It goes without saying that three students in Pitman High School’s Future Business Leaders of America program have had a successful year.
The triumphant path for seniors Bryse Rochester, Dustin Halsey and Colin Van Winkle began in February when the students attended the Central Leadership Conference, where their hard work in the Computer Game and Simulation Programming event qualified them to move on to the State Leadership Conference in April.
At the state level, the three students not only made the cut to move on to the National Leadership Conference this month, but they worked together to secure first place in their event in which they submitted a “wave-based tower defense game” as their finished product.
“It definitely was a confidence booster,” said Van Winkle in April. “We were thinking that the top schools were geniuses and that we were way under them, but the fact that we got first place shows that we can match them.”
As a result from the State Leadership Conference, a total of five students from PHS traveled to Chicago from June 29 to July 2 along with upwards of 8,500 of the nation’s FBLA students for the FBLA National Leadership Conference.
Rochester, Halsey and Van Winkle received national recognition at the FBLA Awards of Excellence Program on July 2 for their participation in the Computer Game and Simulation Programming event and brought home fifth place in the nation.
“In 23 years of advising the Pitman High School FBLA program, this is only the second time we have placed in the top ten at the national level,” said PHS FBLA advisor Shawne Arnold.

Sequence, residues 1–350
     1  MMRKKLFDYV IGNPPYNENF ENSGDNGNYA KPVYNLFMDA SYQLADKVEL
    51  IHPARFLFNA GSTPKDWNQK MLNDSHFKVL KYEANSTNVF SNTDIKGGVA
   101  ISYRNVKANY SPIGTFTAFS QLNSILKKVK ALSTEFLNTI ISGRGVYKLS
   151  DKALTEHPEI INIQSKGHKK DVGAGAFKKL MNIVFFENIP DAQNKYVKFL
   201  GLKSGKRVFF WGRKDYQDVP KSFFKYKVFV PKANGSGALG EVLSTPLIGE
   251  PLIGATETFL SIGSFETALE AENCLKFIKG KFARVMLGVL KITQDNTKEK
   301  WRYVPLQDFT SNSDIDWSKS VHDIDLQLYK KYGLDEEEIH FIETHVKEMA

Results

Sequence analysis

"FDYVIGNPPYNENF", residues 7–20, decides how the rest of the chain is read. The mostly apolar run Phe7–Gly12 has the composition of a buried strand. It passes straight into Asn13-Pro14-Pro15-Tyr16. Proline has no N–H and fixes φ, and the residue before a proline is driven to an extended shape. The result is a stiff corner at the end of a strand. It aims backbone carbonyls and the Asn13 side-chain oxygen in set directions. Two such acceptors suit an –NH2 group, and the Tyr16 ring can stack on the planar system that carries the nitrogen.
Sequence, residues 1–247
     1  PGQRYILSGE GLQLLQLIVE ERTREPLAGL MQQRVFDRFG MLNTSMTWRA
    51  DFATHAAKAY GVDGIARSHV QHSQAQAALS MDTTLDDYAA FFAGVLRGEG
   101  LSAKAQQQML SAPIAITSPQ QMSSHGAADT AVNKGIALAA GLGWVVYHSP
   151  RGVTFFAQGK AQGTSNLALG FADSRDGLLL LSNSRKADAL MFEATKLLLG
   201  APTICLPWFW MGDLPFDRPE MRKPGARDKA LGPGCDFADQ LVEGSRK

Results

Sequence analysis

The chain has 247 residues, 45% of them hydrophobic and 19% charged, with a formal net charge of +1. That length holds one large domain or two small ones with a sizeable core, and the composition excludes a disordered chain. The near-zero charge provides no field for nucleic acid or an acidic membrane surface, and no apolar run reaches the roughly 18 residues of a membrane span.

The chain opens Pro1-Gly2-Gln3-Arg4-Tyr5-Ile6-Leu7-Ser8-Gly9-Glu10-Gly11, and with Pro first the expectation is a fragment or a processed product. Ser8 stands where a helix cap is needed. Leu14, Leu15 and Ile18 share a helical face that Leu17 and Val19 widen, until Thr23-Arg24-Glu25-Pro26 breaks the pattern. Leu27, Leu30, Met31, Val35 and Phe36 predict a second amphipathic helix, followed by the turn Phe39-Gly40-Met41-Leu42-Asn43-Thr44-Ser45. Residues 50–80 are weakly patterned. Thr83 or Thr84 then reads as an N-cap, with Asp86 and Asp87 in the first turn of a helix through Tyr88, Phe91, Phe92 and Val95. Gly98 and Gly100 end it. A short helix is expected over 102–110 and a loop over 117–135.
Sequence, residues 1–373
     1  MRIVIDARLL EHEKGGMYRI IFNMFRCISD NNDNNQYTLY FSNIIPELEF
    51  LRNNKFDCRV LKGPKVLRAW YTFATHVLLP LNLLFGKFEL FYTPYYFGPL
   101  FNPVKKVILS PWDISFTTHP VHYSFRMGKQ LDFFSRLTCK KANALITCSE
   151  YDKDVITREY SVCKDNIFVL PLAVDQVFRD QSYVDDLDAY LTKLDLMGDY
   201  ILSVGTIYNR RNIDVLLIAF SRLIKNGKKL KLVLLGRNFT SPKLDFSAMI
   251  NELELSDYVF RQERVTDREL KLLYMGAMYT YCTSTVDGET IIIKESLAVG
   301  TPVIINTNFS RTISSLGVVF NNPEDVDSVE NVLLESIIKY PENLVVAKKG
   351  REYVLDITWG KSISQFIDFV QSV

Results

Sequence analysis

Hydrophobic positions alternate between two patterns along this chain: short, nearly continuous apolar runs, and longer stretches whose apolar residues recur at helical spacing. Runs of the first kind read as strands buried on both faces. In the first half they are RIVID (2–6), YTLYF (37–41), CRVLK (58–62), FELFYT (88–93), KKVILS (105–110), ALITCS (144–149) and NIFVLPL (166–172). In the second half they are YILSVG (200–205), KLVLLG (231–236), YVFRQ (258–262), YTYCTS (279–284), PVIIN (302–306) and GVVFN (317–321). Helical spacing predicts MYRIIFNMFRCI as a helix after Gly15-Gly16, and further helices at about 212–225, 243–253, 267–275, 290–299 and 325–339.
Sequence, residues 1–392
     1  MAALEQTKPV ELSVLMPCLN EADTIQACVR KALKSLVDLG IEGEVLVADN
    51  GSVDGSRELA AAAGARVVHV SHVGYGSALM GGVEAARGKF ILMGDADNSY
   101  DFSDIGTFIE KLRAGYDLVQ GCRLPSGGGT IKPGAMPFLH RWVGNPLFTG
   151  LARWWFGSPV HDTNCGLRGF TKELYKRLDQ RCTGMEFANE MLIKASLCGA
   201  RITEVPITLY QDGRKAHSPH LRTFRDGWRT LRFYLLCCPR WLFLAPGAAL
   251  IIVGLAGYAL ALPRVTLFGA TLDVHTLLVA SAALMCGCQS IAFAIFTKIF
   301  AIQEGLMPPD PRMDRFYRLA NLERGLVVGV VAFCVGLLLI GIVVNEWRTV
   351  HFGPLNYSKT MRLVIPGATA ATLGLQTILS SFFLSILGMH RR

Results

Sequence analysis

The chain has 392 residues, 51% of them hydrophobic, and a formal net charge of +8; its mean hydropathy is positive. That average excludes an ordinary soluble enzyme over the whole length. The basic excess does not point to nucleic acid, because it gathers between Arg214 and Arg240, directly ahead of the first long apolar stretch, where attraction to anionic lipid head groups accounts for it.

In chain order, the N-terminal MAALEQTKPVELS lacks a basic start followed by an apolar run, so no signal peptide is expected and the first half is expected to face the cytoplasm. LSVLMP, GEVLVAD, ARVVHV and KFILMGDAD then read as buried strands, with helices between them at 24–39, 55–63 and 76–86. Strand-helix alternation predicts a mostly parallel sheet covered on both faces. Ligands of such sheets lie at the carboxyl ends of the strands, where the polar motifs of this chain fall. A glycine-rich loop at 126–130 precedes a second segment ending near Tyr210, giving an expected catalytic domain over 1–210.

The award was part of a comprehensive national competitive events program sponsored by FBLA-Phi Beta Lambda that recognizes and rewards excellence in a broad range of business and career-related areas. For many students, the competitive events are the capstone activity of their academic careers.
“We are just so proud, it’s a big accomplishment,” said secondary PHS FBLA advisor Paola Inman. “These kids have worked so hard to compete against other really talented kids with extremely creative games.”
Although a significant amount of the three students’ achievement at the national level was due to their own hard work, Inman reported that the students would not have prospered as much if it wasn’t for Arnold’s dedication to the high school program.
“This woman spent so much time working with the kids and getting them ready,” said Inman. “This was really dear to her heart and she really is the heart and soul of FBLA.
In addition to the competitions, students immersed themselves in educational workshops, visited an information-packed exhibit hall and attended motivational keynotes on a broad range of business topics.
One major benefit that Inman believes that students obtained from the national conference was the ability to network with other students.
“It is remarkable how these kids communicated with each other,” said Inman. “These kids are really informed and they learn a lot with FBLA. This event brings students together that you wouldn’t necessarily see being brought together.”